Over the last year or so we've seen an increasing emphasis put on the performance aspect of building responsive websites, which is great - there's no point building a beautiful, scalable, touch-friendly site if it uses up half your monthly bandwidth allowance just to load the homepage.

But performance considerations add yet more complexity to an already complex mix. Very little is clear-cut; many decisions need careful, site-specific consideration in order to avoid actually making things worse, not better. Is it better to lazy-load styles for breakpoints other than the current one? Or should we rather load all the styles in one go? Are our intuitive assumptions about image dimensions, compression and resulting file size really correct?

All these things and more need careful consideration. And to yet further complicate things, there is also a careful balance to be struck between styling, images, slick functionality and site performance. A vanilla HTML page with no styles, JavaScript or images is likely to be fast indeed, but highly unlikely to achieve the aims of the client from a branding, design or user experience perspective. So more often than not decisions around performance are not simply a 'development issue' - they are deeply intertwined with the UX and design sides of the project.

Setting a budget

To help us make objective decisions around these sorts of issues on a recent project, we looked at the idea of having a total page size 'budget'. Now this is certainly nothing revolutionary - and of course page size is only a small part of the performance puzzle - but using the 'size budget' as a touchstone throughout the UX and visual design process (as well as the dev process, of course) proved surprisingly helpful.

Suddenly discussions about what could or could not go in the design felt like conversations, rather than just the developer constantly saying "no!". You want a huge header image at the top of the page? Sure. But that's 100k of your budget used up, so you'll have to lose a weight or two of web font to bring things back under the limit. Or maybe we can claw some of that back by removing the slider, and save on both JS and the extra images?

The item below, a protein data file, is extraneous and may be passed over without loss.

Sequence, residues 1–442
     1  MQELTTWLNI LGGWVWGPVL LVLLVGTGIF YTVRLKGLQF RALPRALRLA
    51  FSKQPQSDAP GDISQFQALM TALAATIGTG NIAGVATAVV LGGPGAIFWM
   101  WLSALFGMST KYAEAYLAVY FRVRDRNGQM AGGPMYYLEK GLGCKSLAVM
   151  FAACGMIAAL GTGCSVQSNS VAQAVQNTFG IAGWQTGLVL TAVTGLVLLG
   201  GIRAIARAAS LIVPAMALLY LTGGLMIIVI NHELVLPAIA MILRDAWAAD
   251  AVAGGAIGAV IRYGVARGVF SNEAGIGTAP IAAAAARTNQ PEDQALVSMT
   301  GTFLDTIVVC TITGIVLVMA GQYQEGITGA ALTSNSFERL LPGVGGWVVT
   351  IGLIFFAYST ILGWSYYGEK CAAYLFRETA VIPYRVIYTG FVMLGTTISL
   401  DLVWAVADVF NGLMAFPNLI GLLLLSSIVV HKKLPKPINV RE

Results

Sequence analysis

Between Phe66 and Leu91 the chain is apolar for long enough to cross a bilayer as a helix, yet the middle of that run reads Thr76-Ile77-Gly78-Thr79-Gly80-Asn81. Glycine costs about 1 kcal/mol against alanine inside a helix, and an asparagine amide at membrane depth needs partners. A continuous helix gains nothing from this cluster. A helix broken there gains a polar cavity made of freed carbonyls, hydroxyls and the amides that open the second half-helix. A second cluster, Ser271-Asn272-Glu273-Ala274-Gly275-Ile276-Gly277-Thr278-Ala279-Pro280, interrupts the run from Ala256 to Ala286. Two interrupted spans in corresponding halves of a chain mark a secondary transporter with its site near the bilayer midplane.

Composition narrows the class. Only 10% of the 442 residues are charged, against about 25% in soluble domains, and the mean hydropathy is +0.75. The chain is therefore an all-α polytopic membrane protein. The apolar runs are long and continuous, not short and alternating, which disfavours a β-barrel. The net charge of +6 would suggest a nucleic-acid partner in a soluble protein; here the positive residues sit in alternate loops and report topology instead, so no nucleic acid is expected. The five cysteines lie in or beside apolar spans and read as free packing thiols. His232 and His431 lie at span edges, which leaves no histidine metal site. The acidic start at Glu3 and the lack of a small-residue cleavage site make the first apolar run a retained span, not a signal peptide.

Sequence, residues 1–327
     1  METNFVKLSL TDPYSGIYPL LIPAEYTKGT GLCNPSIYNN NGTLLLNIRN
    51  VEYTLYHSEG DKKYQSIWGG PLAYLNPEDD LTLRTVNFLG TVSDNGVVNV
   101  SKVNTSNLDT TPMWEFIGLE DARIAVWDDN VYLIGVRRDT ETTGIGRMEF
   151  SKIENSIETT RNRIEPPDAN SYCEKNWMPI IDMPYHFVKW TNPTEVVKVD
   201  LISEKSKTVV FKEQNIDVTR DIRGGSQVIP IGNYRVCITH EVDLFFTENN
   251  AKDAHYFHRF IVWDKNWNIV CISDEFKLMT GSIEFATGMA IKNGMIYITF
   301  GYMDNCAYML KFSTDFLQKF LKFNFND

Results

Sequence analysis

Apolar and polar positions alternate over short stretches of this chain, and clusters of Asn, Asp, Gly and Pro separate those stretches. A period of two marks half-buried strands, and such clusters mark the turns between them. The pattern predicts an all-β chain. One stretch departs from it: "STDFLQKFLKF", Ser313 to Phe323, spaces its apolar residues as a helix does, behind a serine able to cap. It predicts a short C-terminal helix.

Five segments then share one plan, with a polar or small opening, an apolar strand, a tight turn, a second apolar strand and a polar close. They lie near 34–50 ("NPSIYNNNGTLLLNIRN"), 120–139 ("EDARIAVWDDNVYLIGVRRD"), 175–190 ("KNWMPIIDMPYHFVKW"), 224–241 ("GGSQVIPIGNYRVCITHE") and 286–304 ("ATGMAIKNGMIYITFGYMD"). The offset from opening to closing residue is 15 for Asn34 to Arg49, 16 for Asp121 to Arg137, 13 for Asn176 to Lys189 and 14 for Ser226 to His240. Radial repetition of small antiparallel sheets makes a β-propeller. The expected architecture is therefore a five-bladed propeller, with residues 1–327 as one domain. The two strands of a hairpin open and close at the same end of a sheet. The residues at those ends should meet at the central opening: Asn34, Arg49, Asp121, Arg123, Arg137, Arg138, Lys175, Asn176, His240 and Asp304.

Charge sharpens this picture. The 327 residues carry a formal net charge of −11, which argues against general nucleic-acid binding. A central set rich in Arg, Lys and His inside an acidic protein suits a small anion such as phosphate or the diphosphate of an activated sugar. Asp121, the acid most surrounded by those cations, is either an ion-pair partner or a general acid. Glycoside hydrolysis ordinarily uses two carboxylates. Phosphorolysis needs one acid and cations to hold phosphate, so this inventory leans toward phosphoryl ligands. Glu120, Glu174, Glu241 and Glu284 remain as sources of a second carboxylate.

Deciding on the size of the budget is something that needs to be decided on a per-project basis, and will decide on many factors. Erring on the side of smaller rather than larger is always going to be better, but it's important to be realistic with it too - it is hard to treat pie-in-the-sky numbers seriously because everyone will know that realistically they are never going to be hit.

The important point is to look at every decision, right through the design/build process, as something that has consequence. Having a pre-defined 'budget' is a clear, tangible way to frame decisions about what can and can't be be included, and at a suitably early stage in the project. It can also potentially provide some justification to the client about why certain things have been omitted (or rather, swapped out for something else).

Performance is everyone's problem

In our experience, the most effective way to build high quality responsive sites is to ensure tight collaboration between UX designer, visual designer and developer, to prototype early and go through small, quick iterations as a team to refine individual components and layouts. Using the concept of a size budget and making sure that everyone was involved in hitting that budget - right from the start - ensures that performance isn't just seen as a 'development problem', but instead is rightfully viewed as something that needs to be considered holistically as the site takes shape.

We'll certainly be using this again on future projects to help kickstart the performance thinking early on in the process.